One interesting point came from Darren Sexton of Ricardo in his presentation on MISRA-C and auto-coding. He asked: “How well do tools actually check the rules?”  Darren’s presentation suggested 50-60% coverage was the norm. Whilst one of the MISRA team (not on the MISRA-C or C++ WGs) agreed with that statement many of us on the MISRA-C team recorded a higher test rate. Several of the tool vendors said, and had test results to back it up, that the tools can check 85%+ of the MISRA-C rules. Part of this comes down to definition.


Not all the rules are amenable to static analysis and, of those that are, not all are statically enforceable in general. Some tests I have seen say “does not catch all instances” I’d therefore hope that any analyser, when presented with all the source, could check at least 75% of all the MISRA-C2 rules.


The reason for the change is that 75% are theoretically statically enforceable (with all the code visible) and 15%, even with all the code visible, cannot be statically enforced.


One issue that MISRA constantly battles with is that C and C++ are very flexible and, as we discovered with the MISRA-C Exemplar Suite, we cannot produce a case for every eventuality. Indeed the standard C language test suites run to some 80,000 test programs.   It is possible that the tools can catch most of the problems but you can still write obfuscated C or the odd case where it will get past a tool.   This is why MISRA-C in 1998 implicitly recommended the use of static analysis with MISRA testing. MISRA-C:2004 made this explicit and I expect MISRA-C3 will highlight the use of static analysers that also check for MISRA rules.


The problem we are seeing is the tick box mentality where, due to customer requests, compilers are adding MISRA (C/C++) rules checking. People are doing this rather than full static analysis. This is wrong. MISRA-C/C++ checking should be part of static analysis not compilation. When it is part of compilation only the MISRA rules are checked and there us usually no static analysis.  The compiler is a syntax translator. Static analysis is there to check for legal but dubious constructs and MISRA- C/C++ is a sub set of this analysis.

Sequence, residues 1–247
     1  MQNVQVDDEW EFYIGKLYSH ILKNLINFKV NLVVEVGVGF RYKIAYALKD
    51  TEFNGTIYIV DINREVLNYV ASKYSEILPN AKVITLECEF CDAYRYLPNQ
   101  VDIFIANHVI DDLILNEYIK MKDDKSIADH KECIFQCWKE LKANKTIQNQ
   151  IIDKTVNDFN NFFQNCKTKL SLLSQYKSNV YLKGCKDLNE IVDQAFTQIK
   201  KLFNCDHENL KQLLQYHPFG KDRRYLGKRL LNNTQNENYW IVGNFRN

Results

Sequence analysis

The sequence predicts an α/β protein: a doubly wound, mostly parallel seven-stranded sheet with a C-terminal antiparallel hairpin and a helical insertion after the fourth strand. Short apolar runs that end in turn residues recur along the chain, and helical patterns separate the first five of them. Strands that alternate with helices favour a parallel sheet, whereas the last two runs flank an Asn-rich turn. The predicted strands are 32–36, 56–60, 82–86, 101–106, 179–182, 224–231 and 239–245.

Among the presentations on the second day David Crocker gave an interesting view of modular verification. This method uses a subset of MISRA rules.  This may sound enticing but other requirements such as pre and post function contracts ensure that the omitted rules should not be a problem.  There are no short cuts to producing reliable software.   However this approach may be of interest where you have multiple teams producing modules for a project.  As with all software engineering, it requires some thought.


Well that wraps it up for another year for me and is the start of the year for you.  I still have Christmas to look forward to but what does the New Year hold for us? I hope that programming will grow-up into Software Engineering.  I know I keep saying that! However, the signs are there. Remember MISRA can only help the well-being of your project as part of a calorie-controlled process.



Eur Ing Chris Hills BSc CEng MIET MBCS MIEEE  FRGS   FRSA is a Technical Specialist and can be reached at This Contact


Copyright Chris A Hills  2003 -2010
The right of Chris A Hills to be identified as the author of this work has been asserted by him in accordance with the Copyright, Designs and Patents Act 1988